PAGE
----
“It’s obvious, but it is worth calling out,” she said. That’s because in the virtual office it is easy to get distracted by kids, dogs, and your work email. With all of these added disruptions, it can be very useful to pause at various times to make sure everyone is engaged.

For example, Cleveland reminded viewers that Microsoft Teams, Zoom, and other videoconference platforms can have hiccups, and people frequently experience connectivity issues at home. Pausing to make sure that key points are being made and heard can be particularly useful in today’s remote workplace. Restating positions every so often also doesn’t hurt, especially when the parties start to meander into other topics that aren’t core to the issue at hand.

“‘We’re here to discuss issues x, y, z. What I’m hearing is that we may actually need another call for these other points,’” said Cleveland, giving an example of how to make sure a discussion stays on track.

Keeping Well-Intentioned People in the Loop and Bad Actors Out

This led to another important tactic that makes for smoother mediation discussions: looping, the practice of restating the other person’s interest at various points in the conversation to ensure mutual understanding. By stopping to ask questions like, “Is this correct? Am I interpreting this right?” you inherently acknowledge that other people’s positions have been heard, plus you lay the groundwork for getting to the nitty-gritty of a situation when a surface topic is a symptom, not a cause—cases where the issue isn’t the issue, so to speak.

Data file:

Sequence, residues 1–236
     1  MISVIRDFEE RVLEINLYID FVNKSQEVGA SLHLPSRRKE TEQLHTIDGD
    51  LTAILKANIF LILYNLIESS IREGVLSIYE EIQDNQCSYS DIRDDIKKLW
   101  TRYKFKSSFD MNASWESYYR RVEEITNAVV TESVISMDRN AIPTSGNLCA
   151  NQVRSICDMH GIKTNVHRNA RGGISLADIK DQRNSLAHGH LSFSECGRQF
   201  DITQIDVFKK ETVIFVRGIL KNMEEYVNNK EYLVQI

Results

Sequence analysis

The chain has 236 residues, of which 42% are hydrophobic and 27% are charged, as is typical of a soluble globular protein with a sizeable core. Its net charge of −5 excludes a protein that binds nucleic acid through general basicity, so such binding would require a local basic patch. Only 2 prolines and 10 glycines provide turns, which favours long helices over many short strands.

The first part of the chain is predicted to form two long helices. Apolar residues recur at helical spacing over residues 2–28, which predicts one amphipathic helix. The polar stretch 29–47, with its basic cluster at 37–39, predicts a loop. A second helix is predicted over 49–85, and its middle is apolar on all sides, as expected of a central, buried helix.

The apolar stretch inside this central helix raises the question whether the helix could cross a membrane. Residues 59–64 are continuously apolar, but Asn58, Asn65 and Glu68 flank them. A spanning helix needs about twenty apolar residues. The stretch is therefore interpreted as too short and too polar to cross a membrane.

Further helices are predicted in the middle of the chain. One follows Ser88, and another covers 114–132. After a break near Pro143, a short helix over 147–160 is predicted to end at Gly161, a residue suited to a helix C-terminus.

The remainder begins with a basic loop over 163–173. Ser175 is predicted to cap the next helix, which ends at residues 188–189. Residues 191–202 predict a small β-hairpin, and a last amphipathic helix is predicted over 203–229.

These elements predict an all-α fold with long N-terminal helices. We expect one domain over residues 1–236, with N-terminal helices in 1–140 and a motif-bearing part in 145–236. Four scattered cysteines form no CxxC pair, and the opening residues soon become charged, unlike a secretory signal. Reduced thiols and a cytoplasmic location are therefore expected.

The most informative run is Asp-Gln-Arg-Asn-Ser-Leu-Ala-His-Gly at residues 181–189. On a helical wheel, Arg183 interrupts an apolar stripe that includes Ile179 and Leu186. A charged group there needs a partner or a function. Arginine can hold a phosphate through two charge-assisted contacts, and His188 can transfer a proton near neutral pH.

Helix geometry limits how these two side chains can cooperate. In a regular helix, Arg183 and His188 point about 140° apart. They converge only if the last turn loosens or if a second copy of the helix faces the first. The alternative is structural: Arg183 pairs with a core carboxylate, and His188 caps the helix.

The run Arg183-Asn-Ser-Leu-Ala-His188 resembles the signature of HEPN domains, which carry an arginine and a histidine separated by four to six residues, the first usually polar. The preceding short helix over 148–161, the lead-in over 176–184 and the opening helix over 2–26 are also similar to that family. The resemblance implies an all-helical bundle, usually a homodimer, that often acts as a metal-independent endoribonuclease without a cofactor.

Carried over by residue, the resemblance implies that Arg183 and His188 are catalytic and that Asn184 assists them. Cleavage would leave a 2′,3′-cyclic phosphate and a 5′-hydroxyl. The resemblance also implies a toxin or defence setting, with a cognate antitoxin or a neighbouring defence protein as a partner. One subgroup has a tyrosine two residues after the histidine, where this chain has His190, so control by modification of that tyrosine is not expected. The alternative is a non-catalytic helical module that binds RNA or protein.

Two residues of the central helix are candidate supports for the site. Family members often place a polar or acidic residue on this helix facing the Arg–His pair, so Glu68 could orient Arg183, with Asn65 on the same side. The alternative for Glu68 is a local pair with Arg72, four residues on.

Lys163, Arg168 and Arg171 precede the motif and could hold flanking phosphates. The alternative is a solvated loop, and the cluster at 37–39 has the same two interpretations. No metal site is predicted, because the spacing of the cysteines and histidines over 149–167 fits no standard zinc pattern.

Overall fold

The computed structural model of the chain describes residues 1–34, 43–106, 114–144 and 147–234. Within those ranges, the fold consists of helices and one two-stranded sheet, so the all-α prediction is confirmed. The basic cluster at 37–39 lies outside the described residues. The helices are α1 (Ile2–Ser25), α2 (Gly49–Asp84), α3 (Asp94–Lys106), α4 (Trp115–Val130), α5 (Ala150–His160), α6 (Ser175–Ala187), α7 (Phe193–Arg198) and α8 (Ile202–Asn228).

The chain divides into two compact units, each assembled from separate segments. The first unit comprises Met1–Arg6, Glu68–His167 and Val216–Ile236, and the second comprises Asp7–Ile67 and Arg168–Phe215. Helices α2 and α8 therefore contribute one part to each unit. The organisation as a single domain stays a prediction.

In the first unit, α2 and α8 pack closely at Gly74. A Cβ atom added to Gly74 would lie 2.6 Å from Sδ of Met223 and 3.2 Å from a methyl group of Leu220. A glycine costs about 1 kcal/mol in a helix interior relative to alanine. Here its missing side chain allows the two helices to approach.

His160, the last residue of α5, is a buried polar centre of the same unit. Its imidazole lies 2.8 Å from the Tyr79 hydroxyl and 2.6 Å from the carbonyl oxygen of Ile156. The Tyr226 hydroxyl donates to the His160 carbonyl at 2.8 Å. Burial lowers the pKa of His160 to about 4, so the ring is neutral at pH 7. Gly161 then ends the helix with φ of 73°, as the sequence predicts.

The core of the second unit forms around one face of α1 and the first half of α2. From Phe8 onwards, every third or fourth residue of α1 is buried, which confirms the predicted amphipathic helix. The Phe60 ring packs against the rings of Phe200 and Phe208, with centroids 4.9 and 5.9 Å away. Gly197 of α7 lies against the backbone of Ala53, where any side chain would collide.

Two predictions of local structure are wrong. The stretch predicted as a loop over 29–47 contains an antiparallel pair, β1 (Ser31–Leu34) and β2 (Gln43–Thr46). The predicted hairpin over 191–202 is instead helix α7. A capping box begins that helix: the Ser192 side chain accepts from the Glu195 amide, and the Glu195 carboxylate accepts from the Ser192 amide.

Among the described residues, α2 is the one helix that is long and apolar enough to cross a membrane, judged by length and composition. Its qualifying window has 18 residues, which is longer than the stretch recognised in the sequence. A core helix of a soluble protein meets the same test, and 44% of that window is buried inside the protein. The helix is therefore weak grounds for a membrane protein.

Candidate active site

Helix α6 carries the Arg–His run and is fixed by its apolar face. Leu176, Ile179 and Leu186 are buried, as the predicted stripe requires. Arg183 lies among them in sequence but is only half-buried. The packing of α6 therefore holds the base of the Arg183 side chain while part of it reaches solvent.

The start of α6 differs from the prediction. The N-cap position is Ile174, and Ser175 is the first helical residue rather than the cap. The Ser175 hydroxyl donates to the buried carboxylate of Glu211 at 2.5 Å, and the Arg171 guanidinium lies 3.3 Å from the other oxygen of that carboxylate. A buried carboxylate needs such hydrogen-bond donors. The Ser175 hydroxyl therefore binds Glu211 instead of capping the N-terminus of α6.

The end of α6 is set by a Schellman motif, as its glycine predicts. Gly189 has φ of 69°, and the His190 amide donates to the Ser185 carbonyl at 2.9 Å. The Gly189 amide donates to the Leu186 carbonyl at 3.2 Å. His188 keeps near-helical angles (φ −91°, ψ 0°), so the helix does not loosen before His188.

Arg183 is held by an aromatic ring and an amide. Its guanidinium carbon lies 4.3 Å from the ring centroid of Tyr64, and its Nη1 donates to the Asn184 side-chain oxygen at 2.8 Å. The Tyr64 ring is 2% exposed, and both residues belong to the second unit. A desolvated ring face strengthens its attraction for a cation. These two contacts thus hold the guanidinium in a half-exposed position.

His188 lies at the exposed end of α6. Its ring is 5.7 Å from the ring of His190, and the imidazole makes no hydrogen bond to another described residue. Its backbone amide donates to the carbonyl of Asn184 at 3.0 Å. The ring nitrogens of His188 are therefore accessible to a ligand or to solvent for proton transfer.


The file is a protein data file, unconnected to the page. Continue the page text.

Cleveland mentioned that looping is used in hostage negotiations, but it’s also particularly valuable in alliance settings. She gave the hypothetical example of a company balking at a licensing percentage when the real sticking point might be an underlying IP issue.

Of course, you can’t always assume the other party is reasonable or rational. There will be times when bad actors try to manipulate, apply pressure in, or delay proceedings in a destructive manner. If you determine that the counterpart truly has bad intentions and isn’t just reacting badly to other external factors, there are ways to limit that person’s power to derail the proceedings.

“Maybe it’s an arm’s-length negotiation. It’s just one of those things where you really don’t focus on the truly big picture. Maybe you do have to go redline by redline in order to ensure that nothing is disrupting the process or that undue influence is being exerted,” said Anderson.

“Bringing Down Barriers: Using Alternative Dispute Resolution Techniques to Improve Communication” contained many more great tips for resolving disagreements. Summit registrants, watch the presentation now and discover the five “logical fallacies,” reasoning errors that weaken/invalidate potential arguments, that could be dragging your negotiations down. But hurry, the Summit event portal closes on April 30!